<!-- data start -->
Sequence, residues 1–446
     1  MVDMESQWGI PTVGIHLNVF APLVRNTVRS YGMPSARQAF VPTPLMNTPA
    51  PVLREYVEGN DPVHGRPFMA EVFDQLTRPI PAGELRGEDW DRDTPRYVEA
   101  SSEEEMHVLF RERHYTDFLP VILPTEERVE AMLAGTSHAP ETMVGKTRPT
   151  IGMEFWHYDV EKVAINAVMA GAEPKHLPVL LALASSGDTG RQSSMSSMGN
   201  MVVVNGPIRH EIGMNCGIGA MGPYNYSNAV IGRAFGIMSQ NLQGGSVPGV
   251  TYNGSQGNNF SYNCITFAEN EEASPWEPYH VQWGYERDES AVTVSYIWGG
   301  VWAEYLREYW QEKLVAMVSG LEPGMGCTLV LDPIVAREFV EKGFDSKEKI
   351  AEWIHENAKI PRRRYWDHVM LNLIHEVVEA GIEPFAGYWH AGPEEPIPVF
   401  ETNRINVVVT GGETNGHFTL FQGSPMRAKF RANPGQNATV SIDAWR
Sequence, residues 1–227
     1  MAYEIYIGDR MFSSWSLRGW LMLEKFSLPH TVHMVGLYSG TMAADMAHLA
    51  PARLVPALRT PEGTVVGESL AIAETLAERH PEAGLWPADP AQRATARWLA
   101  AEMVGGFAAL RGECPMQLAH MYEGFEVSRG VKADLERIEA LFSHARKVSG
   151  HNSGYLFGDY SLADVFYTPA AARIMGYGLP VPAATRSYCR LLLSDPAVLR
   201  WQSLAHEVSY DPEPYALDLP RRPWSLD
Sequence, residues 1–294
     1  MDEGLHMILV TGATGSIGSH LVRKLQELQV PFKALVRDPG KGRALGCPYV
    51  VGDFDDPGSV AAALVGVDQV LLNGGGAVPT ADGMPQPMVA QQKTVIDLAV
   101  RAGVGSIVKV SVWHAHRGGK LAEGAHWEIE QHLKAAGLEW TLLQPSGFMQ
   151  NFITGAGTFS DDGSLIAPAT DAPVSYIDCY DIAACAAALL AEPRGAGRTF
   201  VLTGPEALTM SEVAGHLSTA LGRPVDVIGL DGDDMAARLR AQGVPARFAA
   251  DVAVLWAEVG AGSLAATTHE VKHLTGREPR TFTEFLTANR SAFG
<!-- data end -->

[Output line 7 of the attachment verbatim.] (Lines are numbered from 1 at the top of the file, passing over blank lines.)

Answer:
   251  TYNGSQGNNF SYNCITFAEN EEASPWEPYH VQWGYERDES AVTVSYIWGG